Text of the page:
IT Compliance Advisor

Feb 13 2012   7:13PM GMT

EPIC pushes for more investigation surrounding Google privacy policy

Ben Cole Ben Cole Profile: Ben Cole

Since January, the Electronic Privacy Information Center (EPIC) has pushed for further Federal Trade Commission (FTC) investigation into Google’s online consumer privacy practices. The sometimes testy back and forth got testier last week, when EPIC sued the FTC in an unusual effort to prevent implementation of a new Google privacy policy.

EPIC requested a federal judge issue a temporary restraining order and injunction requiring the FTC to enforce a consent order that Google agreed to last year. The issue has a sense of urgency, considering the new Google privacy policy (which EPIC says violates the consent order) is scheduled to go into effect March 1.

To speed the process, a federal district court judge has ordered an accelerated briefing schedule in response to EPIC’s complaint. The court gave the FTC until Friday to respond to EPIC’s complaints, and EPIC is required to respond to that by Feb. 21.

But Google has already started defending its compliance with the FTC’s original consent order: In a lengthy January self-assessment submitted to the FTC, Google’s legal counsel reported the company “is acting in a manner consistent with its public representations regarding the privacy and confidentiality of its covered information.”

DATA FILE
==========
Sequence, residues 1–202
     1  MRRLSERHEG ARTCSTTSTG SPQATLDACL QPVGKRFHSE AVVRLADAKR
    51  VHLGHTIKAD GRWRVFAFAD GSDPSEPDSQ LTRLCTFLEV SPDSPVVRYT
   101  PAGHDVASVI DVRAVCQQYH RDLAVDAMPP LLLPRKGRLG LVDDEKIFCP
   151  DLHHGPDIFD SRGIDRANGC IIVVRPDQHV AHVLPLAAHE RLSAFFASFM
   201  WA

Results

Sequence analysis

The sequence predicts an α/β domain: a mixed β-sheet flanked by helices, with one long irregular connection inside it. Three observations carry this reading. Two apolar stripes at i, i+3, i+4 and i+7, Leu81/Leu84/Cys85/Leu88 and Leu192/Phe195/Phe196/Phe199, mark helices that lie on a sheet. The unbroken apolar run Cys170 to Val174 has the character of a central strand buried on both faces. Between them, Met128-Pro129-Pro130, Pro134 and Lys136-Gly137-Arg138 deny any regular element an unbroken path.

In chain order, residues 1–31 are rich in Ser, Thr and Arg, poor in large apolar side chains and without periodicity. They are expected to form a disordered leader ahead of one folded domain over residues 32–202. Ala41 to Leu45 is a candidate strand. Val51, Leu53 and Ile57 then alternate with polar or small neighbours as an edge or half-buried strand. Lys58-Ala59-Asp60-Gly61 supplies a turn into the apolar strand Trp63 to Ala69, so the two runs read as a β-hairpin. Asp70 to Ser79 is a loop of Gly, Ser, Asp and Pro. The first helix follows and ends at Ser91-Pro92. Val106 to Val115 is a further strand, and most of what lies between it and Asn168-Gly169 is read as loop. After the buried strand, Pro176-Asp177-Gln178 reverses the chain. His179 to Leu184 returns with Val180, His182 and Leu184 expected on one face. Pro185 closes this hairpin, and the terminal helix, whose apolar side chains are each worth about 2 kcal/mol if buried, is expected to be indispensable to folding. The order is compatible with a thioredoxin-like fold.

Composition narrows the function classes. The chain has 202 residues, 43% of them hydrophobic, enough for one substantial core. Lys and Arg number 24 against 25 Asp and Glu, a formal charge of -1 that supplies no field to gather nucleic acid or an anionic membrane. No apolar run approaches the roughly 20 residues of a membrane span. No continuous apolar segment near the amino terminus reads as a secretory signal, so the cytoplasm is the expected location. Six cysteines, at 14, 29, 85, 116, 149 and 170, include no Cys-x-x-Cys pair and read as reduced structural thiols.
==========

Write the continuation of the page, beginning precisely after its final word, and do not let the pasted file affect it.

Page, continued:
So the question remains: Are the efforts surrounding the new Google privacy policy on the up-and-up, or a case of bait and switch?

Google insists the new privacy policy increases transparency and user control surrounding information tracking. EPIC and other critics, however, contend the privacy policy changes will end up helping Google’s bottom line: They say the new policy allows Google to comb user data without consent, and will unethically assist Google’s advertising by violating online consumer privacy.

What do you think? Is the new Google privacy policy more of the same, making user information available to outside parties without proper user consent? Or is Google taking the necessary steps to comply with FTC mandates to protect online consumer privacy? Or is it somewhere in between, with Google taking steps in the right direction on its privacy policy, but steps that are not nearly big enough?

Until these questions are answered, the questions surrounding Google’s online privacy practices remain.

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